• 84 Quality Assurance and Testing although it will help in improving the tests. Black-box testing is sometimes referred to as functional testing, but for the scope of this book this definition can be misleading. Black-box testing can test more than just the functionality of the software. 3.6.1 Software Interfaces In black-box testing, the system under test is tested through its interfaces. Black-box testing is built on the expected (or nonexpected) responses to a set of inputs fed to the software through selected interfaces. As mentioned in Chapter 1, the interfaces to a system can consist of, for example, • User interfaces: GUI, command line; • Network protocols; • Data structures such as files; • System APIs such as system calls and device drivers. These interfaces can be further broken down into actual protocols or data structures. 3.6.2 Test Targets Black-box testing can have different targets. The various names of test targets in- clude, for example, • Implementation under test (IUT); • System under test (SUT); • Device under test (DUT). The test target can also be a subset of a system, such as: • Function or class; • Software module or component; • Client or server implementation; • Protocol stack or parser; • Hardware such as network interface card (NIC); • Operating system. The target of testing can vary depending on the phase in the software develop- ment life cycle. In the earlier phases, the tests can be first targeted to smaller units such as parsers and modules, whereas in later phases the target can be a complete network-enabled server farm augmented with other infrastructure components. 3.6.3 Fuzz Testing as a Profession We have had discussions with various fuzzing specialists with both QA and VA background, and this section is based on the analysis of those interviews. We will look at the various tasks from the perspectives of both security and testing profes- sions. Let’s start with security. Typically, fuzzing first belongs to the security team. At a software development organization, the name of this team can be, for example, Product Security Team (PST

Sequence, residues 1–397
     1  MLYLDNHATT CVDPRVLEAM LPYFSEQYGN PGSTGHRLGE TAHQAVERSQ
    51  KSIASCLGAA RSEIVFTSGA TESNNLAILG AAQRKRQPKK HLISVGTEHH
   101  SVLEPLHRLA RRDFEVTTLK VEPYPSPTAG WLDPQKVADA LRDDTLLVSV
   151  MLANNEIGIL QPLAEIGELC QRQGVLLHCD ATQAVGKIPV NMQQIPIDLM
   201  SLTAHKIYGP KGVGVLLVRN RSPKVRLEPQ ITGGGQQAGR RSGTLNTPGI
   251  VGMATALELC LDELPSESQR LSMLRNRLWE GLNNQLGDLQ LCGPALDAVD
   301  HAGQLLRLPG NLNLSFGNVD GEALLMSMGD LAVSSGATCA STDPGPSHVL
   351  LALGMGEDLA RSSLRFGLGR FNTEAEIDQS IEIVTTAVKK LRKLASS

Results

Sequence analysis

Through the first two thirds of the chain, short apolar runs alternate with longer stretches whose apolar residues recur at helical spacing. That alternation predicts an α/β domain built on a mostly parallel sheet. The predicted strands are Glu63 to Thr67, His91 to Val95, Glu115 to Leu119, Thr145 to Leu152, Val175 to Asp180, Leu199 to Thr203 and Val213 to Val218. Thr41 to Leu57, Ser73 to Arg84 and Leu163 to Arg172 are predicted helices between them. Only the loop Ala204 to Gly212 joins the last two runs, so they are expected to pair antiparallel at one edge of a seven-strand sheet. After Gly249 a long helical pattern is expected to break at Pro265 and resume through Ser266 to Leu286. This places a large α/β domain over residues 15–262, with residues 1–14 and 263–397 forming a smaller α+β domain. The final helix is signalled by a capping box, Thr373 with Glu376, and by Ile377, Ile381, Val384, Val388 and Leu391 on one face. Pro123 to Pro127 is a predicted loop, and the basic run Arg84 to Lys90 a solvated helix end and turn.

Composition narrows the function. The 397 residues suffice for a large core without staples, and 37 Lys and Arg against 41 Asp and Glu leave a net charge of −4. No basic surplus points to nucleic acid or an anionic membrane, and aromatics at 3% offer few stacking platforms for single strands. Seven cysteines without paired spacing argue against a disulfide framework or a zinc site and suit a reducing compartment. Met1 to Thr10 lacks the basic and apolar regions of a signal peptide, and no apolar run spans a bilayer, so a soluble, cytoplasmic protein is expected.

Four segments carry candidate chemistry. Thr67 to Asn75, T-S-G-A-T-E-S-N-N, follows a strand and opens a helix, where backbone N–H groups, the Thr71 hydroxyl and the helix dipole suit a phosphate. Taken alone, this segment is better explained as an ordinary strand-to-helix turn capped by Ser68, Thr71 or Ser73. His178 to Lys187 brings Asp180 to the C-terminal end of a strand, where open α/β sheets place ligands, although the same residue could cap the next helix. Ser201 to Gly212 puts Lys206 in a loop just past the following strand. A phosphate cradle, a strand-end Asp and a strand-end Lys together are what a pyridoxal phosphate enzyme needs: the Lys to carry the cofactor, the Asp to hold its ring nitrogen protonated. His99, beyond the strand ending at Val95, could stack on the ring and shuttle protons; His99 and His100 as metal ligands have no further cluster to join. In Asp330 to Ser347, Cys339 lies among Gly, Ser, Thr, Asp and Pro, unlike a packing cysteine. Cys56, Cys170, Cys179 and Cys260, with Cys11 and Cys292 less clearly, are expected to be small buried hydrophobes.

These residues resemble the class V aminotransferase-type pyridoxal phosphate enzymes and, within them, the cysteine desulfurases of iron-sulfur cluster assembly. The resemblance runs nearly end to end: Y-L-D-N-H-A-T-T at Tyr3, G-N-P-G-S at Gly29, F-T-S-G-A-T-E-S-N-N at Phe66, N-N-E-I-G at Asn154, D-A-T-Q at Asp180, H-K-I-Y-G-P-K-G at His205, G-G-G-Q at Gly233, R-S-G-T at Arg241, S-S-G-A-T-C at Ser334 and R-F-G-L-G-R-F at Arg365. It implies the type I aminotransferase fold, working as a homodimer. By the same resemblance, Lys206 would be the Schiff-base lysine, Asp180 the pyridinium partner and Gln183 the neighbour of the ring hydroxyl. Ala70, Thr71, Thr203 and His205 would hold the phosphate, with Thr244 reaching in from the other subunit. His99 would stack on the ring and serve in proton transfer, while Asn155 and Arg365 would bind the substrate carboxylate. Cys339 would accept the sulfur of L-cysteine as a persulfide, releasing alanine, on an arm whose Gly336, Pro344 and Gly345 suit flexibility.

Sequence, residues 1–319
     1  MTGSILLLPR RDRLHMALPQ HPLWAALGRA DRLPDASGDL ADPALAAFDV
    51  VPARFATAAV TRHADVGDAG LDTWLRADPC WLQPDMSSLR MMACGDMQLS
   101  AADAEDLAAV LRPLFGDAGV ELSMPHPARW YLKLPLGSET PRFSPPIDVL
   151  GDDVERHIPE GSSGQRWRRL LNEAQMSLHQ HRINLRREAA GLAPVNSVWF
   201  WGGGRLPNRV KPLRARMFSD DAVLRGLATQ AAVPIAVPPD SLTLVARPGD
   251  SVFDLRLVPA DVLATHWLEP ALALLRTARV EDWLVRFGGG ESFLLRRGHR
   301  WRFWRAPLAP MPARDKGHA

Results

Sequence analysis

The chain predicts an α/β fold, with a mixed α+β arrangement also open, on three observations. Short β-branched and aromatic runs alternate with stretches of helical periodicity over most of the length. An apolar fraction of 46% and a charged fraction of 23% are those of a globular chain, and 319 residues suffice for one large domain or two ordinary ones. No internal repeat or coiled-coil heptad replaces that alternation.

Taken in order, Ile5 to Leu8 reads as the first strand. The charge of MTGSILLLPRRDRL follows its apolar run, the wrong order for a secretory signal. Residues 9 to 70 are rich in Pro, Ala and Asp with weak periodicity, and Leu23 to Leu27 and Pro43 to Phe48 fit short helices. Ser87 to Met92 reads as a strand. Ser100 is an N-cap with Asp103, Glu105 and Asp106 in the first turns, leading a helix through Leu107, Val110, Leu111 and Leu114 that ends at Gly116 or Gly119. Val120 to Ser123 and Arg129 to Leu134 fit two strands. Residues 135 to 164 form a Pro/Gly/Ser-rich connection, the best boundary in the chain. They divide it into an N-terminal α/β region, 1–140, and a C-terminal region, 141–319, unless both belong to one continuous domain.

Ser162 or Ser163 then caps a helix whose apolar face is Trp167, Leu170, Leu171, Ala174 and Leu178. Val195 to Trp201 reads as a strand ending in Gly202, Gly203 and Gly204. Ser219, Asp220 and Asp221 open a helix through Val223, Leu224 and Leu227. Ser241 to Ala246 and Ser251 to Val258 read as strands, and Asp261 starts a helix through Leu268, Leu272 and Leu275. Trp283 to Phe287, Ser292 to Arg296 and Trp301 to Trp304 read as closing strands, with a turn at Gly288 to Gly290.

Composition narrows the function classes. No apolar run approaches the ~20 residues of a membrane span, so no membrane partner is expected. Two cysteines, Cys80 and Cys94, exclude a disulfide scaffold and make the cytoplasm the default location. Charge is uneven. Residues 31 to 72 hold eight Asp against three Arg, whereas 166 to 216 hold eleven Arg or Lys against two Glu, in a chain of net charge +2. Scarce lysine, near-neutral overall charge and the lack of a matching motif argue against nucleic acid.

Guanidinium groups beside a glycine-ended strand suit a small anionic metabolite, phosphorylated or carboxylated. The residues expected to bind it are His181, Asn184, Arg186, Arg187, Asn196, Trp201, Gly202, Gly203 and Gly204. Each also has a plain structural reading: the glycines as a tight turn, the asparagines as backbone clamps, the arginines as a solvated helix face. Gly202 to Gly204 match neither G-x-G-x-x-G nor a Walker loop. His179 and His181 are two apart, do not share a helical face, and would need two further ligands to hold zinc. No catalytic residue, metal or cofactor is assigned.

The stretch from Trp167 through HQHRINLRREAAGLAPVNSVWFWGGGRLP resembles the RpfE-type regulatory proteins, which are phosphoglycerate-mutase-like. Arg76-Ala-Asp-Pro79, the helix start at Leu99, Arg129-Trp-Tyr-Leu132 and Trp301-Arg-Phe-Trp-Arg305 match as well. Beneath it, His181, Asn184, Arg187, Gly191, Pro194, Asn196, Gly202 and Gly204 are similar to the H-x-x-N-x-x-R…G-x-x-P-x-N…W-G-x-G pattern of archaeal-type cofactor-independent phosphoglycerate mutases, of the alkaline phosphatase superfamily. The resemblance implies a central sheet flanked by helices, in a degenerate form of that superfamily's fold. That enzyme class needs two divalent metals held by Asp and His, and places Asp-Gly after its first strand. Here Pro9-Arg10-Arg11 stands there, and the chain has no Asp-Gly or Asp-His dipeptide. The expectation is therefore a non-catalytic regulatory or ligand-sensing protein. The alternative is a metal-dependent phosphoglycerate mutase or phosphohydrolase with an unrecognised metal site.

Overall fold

• 3.6 Black-Box Testing 85 for short). Risk assessment is one of the tools in deciding where to fuzz and what to fuzz, or if to fuzz at all. Security teams are often very small and very rarely have any budget for tool purchases. They depend on the funding from product development organizations. Although fuzzing has been known in QA for decades, the push to introduce it into development has almost always come from the security team, per- haps inspired by the increasing security alerts in its own products or perhaps by new knowledge from books like this. Initially, most security organizations depend on con- sultative fuzzing, but very fast most interviewed security experts claimed that they have turned almost completely toward in-house fuzzing. The primary reason usually is that buying fuzzing from consultative sources almost always results in unmain- tained proprietary fuzzers and enormous bills for services that seem to be repeating themselves each time. Most security people will happily promote fuzzing tools into the development organization, but many of them want to maintain control on the chosen tools and veto right on consultative services bought by the development groups. This brings us to taking a closer look at the testing organization. The example testing organization we will explore here is divided into three seg- ments. One-fourth of the people are focused on tools and techniques, which we will call T&T. And one-fourth is focused on quality assurance processes, which we will call QAP. The remaining 50% of testers work for various projects in the prod- uct lines, with varying size teams depending on the project sizes. These will be referred to as product line testing (PLT) in this text. The test specialists from the tools and techniques (T&T) division each have focus on one or more specific testing domains. For example, one dedicated team can be responsible for performance testing and another on the automated regression runs. One of the teams is responsible for fuzz testing and in supporting the projects with their fuzzing needs. The same people who are responsible for fuzzing can also take care of the white-box security tools. The test specialist can also be a person in the security auditing team outside the traditional QA organization. But before any fuzzing tools are integrated into the quality assurance processes, the requirement needs to come from product management, and the integration of the new technique has to happen in cooperation with the QAP people. The first position in the QA process often is not the most optimal one, and therefore the QAP people need to closely monitor and improve the tactics in testing. The relationship with secu- rity auditors is also a very important task to the QAP people, as every single auditing or certification process will immediately become very expensive unless the flaw cate- gories discovered in third-party auditing are already sought after in the QA process. The main responsibility for fuzzing is on each individual project manager from PLT who is responsible for both involving fuzzing into his or her project, and in reporting the fuzzing results to the customer. PLT is almost always also responsible for the budget and will need to authorize all product purchases. When a new fuzzing tool is being introduced to the organization, the main responsibility for tool selection should still be on the shoulders of the lead test special- ist responsible for fuzzing. If the tool is the first in some category of test automation, a new person is appointed as the specialist. Without this type of assignment, the purchases of fuzzing tools will go astray very fast, with the decisions being made not on the actual quality and efficiency of the tools but on some other criteria such as vendor relations or marketing gimmicks. And this is not beneficial to the testing